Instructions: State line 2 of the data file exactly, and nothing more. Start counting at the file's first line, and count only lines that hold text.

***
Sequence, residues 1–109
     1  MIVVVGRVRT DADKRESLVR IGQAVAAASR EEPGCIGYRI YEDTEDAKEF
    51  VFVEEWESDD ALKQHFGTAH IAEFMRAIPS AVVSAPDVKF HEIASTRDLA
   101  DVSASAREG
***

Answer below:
     1  MIVVVGRVRT DADKRESLVR IGQAVAAASR EEPGCIGYRI YEDTEDAKEF